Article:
I learn something new every day.
First, the sort of thing you could do to mess with someone when they step away from their Python interactive shell to go use the restroom:
>>> False = True >>> False True >>> if False: print "Woo!" ... Woo!
Sure enough, True and False are just names in the builtin namespace that can be rebound. This capability seems pretty dangerous, so I'd expect to see something like it in C or in Lisp, but its presence in Python surprised me a bit.
Second, the following puzzle stumped me for a while when I first saw it. Why does the following expression evaluate as it does?
>>> "string" in  == False False
It's not a precedence issue, because that result is not consistent with either of the parenthesizations:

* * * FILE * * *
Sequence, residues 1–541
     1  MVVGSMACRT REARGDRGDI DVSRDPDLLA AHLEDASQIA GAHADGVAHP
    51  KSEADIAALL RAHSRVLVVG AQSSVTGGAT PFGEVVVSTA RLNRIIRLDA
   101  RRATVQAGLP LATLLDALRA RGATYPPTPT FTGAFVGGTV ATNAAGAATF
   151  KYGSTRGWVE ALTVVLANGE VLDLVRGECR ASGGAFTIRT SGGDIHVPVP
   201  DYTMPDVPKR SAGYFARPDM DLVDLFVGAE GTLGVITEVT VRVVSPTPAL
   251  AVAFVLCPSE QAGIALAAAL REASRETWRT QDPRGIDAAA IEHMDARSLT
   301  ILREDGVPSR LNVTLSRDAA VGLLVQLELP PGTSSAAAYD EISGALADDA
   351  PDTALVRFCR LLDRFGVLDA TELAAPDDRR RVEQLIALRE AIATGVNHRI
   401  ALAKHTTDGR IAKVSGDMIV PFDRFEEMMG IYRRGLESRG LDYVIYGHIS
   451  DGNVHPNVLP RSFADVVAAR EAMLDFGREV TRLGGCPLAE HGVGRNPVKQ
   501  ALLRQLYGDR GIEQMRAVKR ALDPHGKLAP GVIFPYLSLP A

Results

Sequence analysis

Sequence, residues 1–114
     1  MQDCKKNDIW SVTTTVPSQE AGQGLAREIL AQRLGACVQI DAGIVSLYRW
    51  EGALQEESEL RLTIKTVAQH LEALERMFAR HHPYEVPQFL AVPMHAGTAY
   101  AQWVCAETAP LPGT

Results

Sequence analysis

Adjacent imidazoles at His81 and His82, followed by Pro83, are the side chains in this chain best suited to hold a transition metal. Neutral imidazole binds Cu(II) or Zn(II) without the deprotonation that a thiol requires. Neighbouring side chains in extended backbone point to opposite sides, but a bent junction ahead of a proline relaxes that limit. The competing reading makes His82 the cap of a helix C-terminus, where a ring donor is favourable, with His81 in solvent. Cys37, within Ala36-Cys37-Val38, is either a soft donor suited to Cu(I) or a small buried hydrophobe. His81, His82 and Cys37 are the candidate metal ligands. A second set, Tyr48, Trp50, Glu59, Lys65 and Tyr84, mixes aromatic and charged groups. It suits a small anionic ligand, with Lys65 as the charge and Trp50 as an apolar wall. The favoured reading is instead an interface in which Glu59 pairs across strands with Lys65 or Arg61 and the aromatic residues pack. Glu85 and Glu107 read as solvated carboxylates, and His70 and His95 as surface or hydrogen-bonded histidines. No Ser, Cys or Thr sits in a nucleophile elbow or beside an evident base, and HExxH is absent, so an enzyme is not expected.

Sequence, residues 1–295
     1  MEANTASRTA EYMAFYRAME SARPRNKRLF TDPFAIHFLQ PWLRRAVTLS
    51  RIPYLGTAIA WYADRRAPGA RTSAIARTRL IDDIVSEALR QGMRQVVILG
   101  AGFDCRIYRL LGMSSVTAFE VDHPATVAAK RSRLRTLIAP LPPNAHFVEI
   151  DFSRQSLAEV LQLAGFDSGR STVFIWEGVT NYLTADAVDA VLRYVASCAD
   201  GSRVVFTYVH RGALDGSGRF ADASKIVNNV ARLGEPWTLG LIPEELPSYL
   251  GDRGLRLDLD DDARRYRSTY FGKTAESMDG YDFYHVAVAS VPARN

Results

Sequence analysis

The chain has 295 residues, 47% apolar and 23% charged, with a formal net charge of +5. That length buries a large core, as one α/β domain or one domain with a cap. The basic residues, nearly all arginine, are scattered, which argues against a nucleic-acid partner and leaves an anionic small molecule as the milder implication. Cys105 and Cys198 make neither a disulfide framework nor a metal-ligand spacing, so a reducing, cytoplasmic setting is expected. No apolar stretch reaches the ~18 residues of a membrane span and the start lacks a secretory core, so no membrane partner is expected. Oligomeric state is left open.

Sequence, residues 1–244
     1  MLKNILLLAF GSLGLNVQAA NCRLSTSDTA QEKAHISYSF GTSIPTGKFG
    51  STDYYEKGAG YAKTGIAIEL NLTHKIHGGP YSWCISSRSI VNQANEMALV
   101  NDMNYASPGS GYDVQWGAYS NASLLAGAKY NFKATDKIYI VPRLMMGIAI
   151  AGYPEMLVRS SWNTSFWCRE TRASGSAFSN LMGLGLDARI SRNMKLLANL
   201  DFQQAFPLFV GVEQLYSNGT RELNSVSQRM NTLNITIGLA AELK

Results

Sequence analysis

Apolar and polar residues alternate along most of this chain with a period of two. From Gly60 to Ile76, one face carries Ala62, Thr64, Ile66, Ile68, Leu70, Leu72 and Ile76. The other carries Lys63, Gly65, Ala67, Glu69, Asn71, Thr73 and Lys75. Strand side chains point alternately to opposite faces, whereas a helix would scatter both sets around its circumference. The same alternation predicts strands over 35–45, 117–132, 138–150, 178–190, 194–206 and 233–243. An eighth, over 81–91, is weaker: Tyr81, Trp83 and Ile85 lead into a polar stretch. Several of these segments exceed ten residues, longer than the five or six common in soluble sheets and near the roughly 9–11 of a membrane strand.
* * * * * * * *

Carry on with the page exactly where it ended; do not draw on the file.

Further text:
>>> ("string" in ) == False True >>> "string" in ( == False) Traceback (most recent call last): File "
", line 1, in TypeError: argument of type 'bool' is not iterable
It's actually a consequence of Python's support for chained comparison operators. That is, just as
5 < a <= 7
5 < a and a <= 7,
the first expression above desugars to "string" in  and  == False, which is False.
It's good that the comparison operators (< <= > >= == != in is) work in this consistent way, but it can trip up Python novices who have not yet learned that they really have to write the more Pythonic expression "string" not in  if they want to stay out of trouble.